Prepare the pork

5-6 lb pork shoulder  – a.k.a. Boston Butt

Remove the bone and the larger pieces of fat, slicing along the muscle lines. You should end up with 4-6 good sized pieces with the majority of the fat removed. I pull the fat off as I do not like the consistency of the remaining fatty tissue once the fat renders off.

Add 1/2 of the Mojo and marinate overnight, turning a few times.

Roasting

Place the pork in a large dutch oven with all  of the sauce it was marinated in. Add 1 c water.   Salt the surface with 1 tsp fine salt. Cover and roast at 275F for 3 hours

Uncover and roast at 325F for an additional 2-3 hours. Baste every 30 min or so.  Make sure the liquid under the fat does not all evaporate, add more water if necessary.  The Meat will get nice and brown and crunchy on the surface

Remove from the oven. Remove the pork from the pan and cool for 15 min. Separate the drippings removing as much of the fat as you can without losing too much of the tasty part underneath.   Add the remaining mojo sauce and microwave for 2-3 min.  Add 1 TBsp of red wine or cider vinegar to taste (cust the sweetness and fattiness).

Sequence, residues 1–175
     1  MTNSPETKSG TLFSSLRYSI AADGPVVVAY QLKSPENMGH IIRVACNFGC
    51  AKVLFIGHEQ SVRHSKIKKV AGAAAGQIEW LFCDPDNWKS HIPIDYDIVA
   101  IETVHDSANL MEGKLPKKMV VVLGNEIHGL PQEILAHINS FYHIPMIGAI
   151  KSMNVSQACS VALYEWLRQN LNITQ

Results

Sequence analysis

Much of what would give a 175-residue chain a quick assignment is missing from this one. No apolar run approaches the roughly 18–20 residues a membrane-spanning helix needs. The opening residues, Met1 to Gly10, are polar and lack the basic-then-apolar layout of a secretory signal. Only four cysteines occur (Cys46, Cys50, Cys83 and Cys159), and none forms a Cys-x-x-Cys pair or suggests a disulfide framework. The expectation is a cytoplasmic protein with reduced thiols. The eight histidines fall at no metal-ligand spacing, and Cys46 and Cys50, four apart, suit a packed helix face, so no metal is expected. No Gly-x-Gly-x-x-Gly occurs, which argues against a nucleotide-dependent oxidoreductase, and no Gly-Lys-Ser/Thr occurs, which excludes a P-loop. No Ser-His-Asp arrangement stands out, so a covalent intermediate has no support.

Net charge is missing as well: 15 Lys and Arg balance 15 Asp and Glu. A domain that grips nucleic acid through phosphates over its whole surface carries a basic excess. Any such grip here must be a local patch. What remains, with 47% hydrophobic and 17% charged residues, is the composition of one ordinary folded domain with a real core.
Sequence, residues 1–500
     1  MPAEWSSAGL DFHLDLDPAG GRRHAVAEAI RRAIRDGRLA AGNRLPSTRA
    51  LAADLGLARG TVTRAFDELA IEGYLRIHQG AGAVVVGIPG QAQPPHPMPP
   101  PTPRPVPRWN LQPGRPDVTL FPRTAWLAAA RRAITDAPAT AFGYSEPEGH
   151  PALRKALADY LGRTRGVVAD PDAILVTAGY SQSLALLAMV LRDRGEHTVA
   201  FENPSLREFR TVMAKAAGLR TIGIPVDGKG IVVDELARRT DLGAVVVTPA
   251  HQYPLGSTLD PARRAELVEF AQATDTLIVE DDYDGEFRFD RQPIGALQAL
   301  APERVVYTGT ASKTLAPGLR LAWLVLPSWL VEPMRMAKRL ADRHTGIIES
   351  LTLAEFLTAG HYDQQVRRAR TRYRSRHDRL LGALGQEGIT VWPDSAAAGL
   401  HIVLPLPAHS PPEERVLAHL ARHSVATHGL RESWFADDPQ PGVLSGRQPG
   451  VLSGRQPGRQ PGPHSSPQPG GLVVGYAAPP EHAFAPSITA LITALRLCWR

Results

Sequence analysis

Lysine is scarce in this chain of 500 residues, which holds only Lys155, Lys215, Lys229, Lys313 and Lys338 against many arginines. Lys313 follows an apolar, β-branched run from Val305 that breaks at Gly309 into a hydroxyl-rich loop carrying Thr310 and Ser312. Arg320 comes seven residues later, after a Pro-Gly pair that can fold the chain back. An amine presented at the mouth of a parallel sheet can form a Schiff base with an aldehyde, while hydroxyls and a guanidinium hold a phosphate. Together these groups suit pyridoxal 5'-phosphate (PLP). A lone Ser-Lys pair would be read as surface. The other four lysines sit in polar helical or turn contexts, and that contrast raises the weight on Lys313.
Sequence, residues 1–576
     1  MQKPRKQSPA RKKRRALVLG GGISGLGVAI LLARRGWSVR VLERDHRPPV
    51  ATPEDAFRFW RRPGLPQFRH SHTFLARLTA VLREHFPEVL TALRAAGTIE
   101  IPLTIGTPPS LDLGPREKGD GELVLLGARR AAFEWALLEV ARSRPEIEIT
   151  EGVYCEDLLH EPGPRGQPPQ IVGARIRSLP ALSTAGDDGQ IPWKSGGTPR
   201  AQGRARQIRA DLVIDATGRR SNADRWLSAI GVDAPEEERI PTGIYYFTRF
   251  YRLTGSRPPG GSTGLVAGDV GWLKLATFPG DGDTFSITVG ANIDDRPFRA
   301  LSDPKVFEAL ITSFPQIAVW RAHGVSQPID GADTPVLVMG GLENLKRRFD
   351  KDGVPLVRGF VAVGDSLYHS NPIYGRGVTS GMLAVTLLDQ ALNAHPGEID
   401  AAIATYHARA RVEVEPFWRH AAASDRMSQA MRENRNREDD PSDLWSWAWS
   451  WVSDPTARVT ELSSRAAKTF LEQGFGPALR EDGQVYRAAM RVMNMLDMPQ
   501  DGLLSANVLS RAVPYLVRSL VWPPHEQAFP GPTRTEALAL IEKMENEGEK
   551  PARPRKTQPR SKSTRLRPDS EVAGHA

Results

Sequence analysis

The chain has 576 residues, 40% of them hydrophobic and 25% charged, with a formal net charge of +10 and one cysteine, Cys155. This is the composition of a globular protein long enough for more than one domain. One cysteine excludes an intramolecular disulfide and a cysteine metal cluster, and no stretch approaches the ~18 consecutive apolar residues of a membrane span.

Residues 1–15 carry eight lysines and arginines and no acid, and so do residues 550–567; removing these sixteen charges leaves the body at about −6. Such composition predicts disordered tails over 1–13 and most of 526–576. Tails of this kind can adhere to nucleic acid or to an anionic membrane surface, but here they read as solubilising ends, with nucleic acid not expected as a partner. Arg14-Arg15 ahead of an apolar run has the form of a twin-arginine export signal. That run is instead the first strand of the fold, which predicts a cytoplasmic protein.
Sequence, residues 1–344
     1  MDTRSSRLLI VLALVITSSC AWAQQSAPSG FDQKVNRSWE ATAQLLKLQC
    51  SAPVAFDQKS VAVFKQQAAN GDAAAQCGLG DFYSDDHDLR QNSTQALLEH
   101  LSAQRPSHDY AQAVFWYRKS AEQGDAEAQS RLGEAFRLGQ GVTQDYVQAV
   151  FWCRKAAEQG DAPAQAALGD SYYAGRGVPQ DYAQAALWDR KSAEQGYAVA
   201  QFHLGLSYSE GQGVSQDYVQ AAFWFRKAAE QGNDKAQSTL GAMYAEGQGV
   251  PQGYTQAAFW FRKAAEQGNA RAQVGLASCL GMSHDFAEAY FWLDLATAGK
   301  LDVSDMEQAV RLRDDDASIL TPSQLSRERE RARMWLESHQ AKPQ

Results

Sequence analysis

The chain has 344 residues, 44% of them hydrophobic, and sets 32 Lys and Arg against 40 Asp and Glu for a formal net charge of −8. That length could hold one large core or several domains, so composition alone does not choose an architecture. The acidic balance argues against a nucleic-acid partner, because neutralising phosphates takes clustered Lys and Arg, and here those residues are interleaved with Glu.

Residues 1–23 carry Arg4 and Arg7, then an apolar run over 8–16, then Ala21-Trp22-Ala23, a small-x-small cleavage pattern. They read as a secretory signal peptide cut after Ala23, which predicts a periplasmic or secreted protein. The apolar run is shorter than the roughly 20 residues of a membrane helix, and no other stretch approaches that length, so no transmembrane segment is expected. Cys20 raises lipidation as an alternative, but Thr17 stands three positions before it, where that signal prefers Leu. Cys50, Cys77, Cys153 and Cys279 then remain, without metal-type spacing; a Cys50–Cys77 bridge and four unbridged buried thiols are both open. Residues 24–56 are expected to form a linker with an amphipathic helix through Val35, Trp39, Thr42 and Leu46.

Pull the pork apart and add the sauce, mixing well.

Serve with black beans and rice  and enjoy . If you have some fresh lime to squeeze over it, all the better.

Olivia’s Bed – Delivery Day

Today, we delivered and set up Olivia’s bed and dresser.  There was some final assembly work and alignment of the drawers in the pedestal.  She was also taken with the idea of the cubby spaces underneath being the “lower bunks” for her stuffed critters.

The new pulls match on the dresser and the bed drawers. They are a sort of ’50s look.

 I think she is pleased.

 

Finishing Olivia’s Bed and Dresser

Finished footboard

This finishing schedule is my go-to when I need robust color. I learned the basic technique a number of years ago in a class that was put on by the Wisconsin Woodworker’s Guild featuring Jeff Jewitt. Jeff also runs Homestead Finishing.